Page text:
It was a depressingly recurrent theme for the home side:

Not one Waratah forward wraps around the corner to the far side of the ruck, and there is a huge gap between the first forward (prop Nephi Leatigaga) and the first back (midfielder Mosese Tiupulotu), ripe for exploitation by Tavatavanawai.

The same lack of urgency in transferring personnel from one side of the ruck to the other cost New South Wales dearly in its own red zone:

There are no less than six Waratah forwards stuck within three metres of the ruck perimeter, and that creates easy pickings for backs as powerful as Moana’s further out.

Eddie Jones may have had tongue partly in cheek when he jokingly insinuated that he might flee the Wallabies coop after the World Cup in September, but his comments underlined the serious inconsistency of rugby in the country, and the size of the task confronting the Randwick man after his 20-year sabbatical.

Nobody can predict how any Australian sides (except maybe the Brumbies, but even they have faltered late in the season) will play from one week to the next, and that is a huge problem for coaches, whose livelihood depends on establishing consistent, repeatable standards of performance.

The stats for ball-in-play time provide a statistical entry point to that inconsistency. The recent URC final between the Stormers and Munster had over 42 minutes of the precious stuff, and was remarkable for its sustained intensity and speed of play. The Six Nations decider between France and Ireland ranked even higher at 47 minutes, it was the standout international match of the last calendar year.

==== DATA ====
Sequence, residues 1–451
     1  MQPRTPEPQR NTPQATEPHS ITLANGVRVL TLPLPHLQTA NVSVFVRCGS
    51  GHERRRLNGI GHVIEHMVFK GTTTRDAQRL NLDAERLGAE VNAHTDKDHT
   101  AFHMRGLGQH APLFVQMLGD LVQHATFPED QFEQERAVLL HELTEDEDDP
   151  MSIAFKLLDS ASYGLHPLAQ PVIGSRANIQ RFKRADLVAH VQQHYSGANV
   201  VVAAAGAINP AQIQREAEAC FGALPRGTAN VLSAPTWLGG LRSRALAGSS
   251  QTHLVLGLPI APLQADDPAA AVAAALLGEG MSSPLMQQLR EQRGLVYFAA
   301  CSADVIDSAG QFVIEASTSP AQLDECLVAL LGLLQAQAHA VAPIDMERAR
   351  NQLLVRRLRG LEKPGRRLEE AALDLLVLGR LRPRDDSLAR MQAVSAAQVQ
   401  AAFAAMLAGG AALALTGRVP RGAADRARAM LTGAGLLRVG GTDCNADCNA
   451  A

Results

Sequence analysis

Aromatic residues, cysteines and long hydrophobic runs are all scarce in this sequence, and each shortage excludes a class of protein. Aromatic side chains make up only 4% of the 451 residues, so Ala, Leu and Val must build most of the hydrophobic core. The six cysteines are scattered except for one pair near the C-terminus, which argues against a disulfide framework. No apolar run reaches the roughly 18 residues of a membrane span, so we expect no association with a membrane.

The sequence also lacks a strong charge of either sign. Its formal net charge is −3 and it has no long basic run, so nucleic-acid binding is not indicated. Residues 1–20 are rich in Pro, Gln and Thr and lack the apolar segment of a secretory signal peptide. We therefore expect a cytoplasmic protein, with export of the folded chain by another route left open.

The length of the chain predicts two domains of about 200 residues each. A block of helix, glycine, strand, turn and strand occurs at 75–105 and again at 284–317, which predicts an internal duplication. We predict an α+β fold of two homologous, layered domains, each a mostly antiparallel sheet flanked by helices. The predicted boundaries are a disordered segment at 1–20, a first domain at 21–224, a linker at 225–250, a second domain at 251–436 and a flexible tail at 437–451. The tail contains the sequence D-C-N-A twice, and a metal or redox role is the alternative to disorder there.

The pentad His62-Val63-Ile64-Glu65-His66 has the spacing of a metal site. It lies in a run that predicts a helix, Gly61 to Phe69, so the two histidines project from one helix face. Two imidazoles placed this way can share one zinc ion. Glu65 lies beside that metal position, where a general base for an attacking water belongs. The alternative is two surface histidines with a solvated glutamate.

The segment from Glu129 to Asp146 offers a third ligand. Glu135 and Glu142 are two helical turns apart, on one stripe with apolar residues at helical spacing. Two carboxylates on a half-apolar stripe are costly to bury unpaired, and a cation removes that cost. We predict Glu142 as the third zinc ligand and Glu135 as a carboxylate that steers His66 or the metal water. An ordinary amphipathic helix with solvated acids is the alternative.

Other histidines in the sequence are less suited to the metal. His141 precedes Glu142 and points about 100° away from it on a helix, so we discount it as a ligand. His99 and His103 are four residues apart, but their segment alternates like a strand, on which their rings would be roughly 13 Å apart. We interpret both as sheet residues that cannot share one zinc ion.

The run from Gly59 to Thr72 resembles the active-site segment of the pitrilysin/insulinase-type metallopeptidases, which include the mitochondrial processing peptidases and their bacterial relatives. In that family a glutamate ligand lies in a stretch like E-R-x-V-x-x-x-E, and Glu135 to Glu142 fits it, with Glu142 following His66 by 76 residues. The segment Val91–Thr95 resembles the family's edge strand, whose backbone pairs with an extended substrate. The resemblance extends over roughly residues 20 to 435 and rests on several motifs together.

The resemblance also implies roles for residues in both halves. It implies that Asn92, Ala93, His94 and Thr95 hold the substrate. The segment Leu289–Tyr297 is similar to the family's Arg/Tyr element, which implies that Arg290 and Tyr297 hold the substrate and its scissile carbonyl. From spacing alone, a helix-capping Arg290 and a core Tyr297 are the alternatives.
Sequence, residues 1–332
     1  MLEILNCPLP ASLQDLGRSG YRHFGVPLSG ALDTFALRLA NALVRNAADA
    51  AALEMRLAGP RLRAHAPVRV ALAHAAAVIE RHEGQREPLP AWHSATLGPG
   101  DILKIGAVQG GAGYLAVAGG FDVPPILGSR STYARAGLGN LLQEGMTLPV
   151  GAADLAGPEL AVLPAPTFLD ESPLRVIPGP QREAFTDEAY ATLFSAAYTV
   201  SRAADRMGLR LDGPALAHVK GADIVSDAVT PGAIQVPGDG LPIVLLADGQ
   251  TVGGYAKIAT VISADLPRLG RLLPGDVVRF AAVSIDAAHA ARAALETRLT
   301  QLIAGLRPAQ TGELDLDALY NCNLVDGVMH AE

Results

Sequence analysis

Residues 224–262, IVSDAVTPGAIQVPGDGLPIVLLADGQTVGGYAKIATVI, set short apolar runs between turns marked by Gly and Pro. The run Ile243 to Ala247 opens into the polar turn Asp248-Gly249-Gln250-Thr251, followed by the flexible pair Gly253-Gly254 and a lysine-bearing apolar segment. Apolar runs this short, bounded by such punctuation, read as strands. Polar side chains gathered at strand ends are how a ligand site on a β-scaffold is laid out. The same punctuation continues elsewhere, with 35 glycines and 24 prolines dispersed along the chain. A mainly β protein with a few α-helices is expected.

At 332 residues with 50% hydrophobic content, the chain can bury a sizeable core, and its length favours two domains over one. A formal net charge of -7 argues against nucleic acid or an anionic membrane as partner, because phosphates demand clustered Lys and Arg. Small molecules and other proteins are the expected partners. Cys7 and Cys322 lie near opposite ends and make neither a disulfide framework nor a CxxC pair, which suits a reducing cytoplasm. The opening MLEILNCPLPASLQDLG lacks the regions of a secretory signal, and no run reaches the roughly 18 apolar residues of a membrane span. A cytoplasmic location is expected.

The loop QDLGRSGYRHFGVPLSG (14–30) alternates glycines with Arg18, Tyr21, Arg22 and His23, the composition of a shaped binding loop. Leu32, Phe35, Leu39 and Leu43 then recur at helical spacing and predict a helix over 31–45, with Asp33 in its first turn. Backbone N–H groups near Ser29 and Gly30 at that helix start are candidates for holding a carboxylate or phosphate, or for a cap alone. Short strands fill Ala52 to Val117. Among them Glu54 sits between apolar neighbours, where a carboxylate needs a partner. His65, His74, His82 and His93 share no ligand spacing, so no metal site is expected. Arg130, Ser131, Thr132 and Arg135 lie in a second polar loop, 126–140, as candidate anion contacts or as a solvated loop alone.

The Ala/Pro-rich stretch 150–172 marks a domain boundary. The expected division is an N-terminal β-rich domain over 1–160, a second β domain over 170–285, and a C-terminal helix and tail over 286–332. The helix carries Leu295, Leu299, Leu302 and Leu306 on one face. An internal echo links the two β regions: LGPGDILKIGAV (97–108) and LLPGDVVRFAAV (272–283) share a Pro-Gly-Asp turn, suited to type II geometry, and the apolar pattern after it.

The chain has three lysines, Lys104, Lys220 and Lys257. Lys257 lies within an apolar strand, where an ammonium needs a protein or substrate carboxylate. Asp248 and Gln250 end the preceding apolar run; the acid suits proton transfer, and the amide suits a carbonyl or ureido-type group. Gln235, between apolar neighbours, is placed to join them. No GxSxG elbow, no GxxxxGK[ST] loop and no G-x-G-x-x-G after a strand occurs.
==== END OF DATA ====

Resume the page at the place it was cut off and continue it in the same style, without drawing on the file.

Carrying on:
Until Australian teams at all levels demonstrate that they can sustain a consistently high standard of performance with ball-in-play of 36 minutes or more, matters will not improve. Aussie domestic rugby, and the number of professional entities within it, should be tailored towards that end.

Eddie Jones only has five preparatory games to find the silk strand in the labyrinth, which will lead Australia out of the maze and into the promised land. Right now, not even the most fervent of green-and-gold supporters can know which players will turn up, let alone which team will show up for the big event in France. It could be Doctor Jekyll, or it might be Mister Hyde. More likely it will be both, within games or in the space between them. For Australian rugby in the present moment, c’est la vie.